Protests Resume after Netanyahu Suspends UN Plan for Refugees

Protests have resumed following Prime Minister Benjamin Netanyahu’s sudden announcement that he is suspending a plan to resolve the African refugee question. On Tuesday morning, April 3, three rallies were held against the racist policy of the Israeli government in front of the Interior Ministry in Tel Aviv, near the Prime Minister’s Office in Jerusalem, and outside the Haifa home of the Minister of Finance, Moshe Kahlon. Among the protesters were a number of activists from Hadash and the Communist Party of Israel.

The Israeli government announced Monday, April 2, that following mutual understandings it had reached with the UN Refugee Agency, it was abandoning its plan to deport tens of thousands of African asylum seekers to Rwanda. Under the agreement, UNHCR will work to resettle 16,250 African asylum seekers in Western countries and Israel will give legal status to a portion of the remaining African asylum seeker population in Israel.

Rally against the racist policy of the Israeli government in front of the Ministry of Interior in Tel Aviv, Tuesday morning, April 3

Rally against the racist policy of the Israeli government in front of the Ministry of Interior in Tel Aviv, Tuesday morning, April 3 (Photo: Zu Haderech weekly)

After the announcement, Joint List Chairman MK Ayman Odeh (Hadash) said he is “happy for the African refugees and the residents of south Tel Aviv, and I praise those who fought with them, shoulder to shoulder. We proved that in a instant those who were previously called a cancer in our body” (a turn of phrase coined by Culture Minister Miri Regev, for which she later apologized) “can be transformed into immigrants with rights.” MK Odeh connected the African refuge-seekers to Palestinians oppression, adding: “Now, with the same determination and solidarity between weakened groups, we can defeat the occupation.”

However, late Monday night, Netanyahu announced that, due to pressure from his far-right coalition — which was angered that the PM would agree to settle any African asylum seekers in Israel — he is suspending the UN plan. Whether the resettlement plan is ultimately re-instituted or not, Netanyahu’s admission that it is no longer viable to deport asylum seekers to Rwanda remains a fact. In addition, while the fate of tens of thousands of Eritrean and Sudanese asylum seekers is once again in limbo, hopefully they can sleep a little bit sounder tonight knowing that forcible deportation to Rwanda is off the table.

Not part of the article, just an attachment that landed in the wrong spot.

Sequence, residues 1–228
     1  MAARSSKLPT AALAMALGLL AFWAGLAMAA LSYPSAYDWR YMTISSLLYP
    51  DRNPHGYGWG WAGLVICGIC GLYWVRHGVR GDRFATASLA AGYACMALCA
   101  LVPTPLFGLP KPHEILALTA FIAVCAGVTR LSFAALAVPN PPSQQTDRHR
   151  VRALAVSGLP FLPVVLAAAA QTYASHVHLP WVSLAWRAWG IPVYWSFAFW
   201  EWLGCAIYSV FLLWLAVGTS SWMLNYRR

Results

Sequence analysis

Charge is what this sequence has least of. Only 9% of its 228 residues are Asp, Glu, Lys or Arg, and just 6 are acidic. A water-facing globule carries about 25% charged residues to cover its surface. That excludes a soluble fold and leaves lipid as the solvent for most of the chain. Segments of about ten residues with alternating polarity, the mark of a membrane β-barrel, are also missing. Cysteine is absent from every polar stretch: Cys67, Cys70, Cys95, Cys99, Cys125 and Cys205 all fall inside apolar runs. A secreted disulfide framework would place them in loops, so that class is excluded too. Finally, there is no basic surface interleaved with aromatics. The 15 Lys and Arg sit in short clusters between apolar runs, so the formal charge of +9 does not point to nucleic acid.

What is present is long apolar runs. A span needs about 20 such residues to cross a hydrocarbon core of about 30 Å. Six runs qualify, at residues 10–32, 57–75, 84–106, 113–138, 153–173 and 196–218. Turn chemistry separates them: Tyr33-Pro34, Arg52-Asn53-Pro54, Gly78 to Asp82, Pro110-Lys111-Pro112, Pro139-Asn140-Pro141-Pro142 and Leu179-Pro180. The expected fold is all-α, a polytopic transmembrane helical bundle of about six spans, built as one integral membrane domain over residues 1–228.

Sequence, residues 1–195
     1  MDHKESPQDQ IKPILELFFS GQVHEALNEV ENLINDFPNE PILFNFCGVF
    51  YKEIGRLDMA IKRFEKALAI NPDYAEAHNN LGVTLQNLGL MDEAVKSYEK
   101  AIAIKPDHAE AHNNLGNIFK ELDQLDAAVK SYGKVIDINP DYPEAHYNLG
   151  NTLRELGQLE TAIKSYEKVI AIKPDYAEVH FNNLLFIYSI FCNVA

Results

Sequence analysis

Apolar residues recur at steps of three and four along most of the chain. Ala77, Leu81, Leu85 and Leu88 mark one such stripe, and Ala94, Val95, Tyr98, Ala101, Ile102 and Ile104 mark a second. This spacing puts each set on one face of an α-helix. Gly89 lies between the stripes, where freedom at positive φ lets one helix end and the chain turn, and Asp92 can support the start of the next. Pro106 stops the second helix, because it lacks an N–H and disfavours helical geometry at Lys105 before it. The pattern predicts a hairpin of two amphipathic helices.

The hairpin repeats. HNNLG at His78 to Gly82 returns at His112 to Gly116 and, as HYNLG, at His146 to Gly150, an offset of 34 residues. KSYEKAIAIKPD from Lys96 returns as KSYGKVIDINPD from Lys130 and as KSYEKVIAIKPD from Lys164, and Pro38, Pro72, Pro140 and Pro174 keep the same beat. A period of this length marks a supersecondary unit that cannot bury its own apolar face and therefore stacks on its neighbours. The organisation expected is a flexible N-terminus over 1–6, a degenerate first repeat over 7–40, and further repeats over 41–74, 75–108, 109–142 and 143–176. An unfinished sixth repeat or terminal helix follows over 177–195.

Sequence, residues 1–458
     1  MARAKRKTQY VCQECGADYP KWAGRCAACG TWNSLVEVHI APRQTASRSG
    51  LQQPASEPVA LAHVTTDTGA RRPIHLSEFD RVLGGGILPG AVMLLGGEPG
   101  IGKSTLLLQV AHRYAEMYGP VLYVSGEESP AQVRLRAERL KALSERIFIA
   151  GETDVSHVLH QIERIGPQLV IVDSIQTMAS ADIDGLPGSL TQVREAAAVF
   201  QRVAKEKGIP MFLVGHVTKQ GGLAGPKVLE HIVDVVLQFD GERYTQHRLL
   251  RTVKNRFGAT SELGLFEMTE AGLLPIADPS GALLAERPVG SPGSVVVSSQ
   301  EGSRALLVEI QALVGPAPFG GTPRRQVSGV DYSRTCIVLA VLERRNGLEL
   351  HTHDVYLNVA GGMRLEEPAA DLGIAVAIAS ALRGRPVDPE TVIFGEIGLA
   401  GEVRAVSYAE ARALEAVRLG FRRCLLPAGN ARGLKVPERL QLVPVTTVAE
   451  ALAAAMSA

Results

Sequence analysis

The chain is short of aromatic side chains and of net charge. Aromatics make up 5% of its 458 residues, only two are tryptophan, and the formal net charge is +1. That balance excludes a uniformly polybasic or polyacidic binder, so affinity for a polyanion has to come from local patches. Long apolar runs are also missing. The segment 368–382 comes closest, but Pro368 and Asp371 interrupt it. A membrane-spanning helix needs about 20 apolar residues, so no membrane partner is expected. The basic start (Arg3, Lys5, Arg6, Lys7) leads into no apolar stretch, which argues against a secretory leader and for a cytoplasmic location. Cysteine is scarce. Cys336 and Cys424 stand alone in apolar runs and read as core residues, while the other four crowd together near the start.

Last week The Hotline for Refugees and Migrants (HRM) published new report on detention facilities for refugees. HRM is the only organization in Israel allowed entry into four detention facilities for asylum seekers – Holot, Saharonim, Givon, and Yahalom.

Currently, the majority of those held in detention facilities are asylum seekers from Eritrea and Sudan that the Israeli government is not deportng to their home country. Others are migrant workers or tourists whose visas expired or who violated the terms of their visa.  According the UNHCR’s instructions, “detention is an exceptional measure and can only be justified for a legitimate purpose.”

Shirley Racah, Executive Director of the Hotline for Refugees and Migrants, said: “For years now Israel has been arresting people as an alternative to a proper immigration policy and refuses to grant status to those who deserve it, or to allow alternatives to detention to those who are destined for deportation. We are standing at the cusp of an era in which asylum seekers will be imprisoned while innocent of any crime, and now more than ever it’s important to again emphasize that detention does not constitute an immigration policy.”